The issue has become enough of a concern that state lawmakers are looking for legislative solutions. But, with action at the Capitol never a sure thing, the question arises -- what more can education leaders do to reduce the number of cases of teachers having sexual relationships with students?
A 9 Investigates report documented the frustration of officials at the State Department of Education over the fact that cases of sexual misconduct involving teachers are not reported to them. The most common way for them to find out about such an incident is to see it on the news.
Members of the State School Board worry that a gap in accountability is making it possible for teachers who get in trouble in one district to resign and, before the State Department has the chance to consider revoking their teaching certification, move to another district where they could potentially prey on other students. Lawmakers did just pass legislation -- and the Governor signed it into law -- that will require SDE be notified of allegations against teachers, under certain circumstances. Two other bills addressing the issue appear dead for the remainder of this session.
Still, educators agree, legislation can't solve the entire problem. Districts have a responsibility, as do teachers themselves, to implement and follow guidelines for communicating with students.
The explosion of social media, many believe, is the primary reason there has been an apparent increase in the number of instances where teachers cross the line with students.
"In my opinion," stated State School Board member Amy Ford, "what we're seeing is the culmination of the ease of communications -- the ability to interact...outside of a school building has increased dramatically, because of Twitter and Facebook and all the social media."
Social media has made it easier, Ford believes, for a teacher to have a private conversation with a student, and, thus, initiate some sort of private relationship.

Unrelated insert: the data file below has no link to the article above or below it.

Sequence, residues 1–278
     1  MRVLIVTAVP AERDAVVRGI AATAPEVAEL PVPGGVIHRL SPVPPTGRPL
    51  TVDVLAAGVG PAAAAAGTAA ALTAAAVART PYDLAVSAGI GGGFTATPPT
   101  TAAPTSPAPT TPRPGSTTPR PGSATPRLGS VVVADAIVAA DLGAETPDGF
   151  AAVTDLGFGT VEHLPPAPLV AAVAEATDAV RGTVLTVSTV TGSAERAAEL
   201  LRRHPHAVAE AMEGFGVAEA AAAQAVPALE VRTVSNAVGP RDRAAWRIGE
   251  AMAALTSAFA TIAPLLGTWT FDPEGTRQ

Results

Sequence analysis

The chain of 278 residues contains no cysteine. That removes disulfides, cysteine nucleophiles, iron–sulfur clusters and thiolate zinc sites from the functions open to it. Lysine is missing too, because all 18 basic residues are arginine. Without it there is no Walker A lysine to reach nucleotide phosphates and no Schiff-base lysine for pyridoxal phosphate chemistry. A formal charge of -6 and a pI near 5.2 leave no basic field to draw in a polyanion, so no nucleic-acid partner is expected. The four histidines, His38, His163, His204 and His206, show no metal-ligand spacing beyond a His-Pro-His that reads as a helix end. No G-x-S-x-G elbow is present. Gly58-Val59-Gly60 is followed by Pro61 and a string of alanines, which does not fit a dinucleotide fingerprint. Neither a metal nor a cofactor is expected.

At the same time. the vast majority of teachers have no intention of abusing the access that social media provides to students. What's more, most schools use social media as a learning tool, and can't simply prohibit their use altogether.
This is why many school districts are now in the process of developing social media policies, if they don't have them in place already.
"There are benefits to using social media in the classroom," said Derrel Fincher, Director of Learning Technologies for the State Department of Education, "but there's also the responsibility for the teacher to be a professional about their conduct with the students, and the fact that you have social media doesn't change your responsibility to be a professional."
9 Investigates contacted 20 school districts across the state, asking whether each one has a social media policy. Five of the 20 districts stated that they do have social media policies, while at least two others claimed to be in the process of developing such policies.
None of the policies prohibit teachers from communicating with students via social media, they just warn about the types of messages that should be conveyed. The guidelines are similar to sexual harassment policies.
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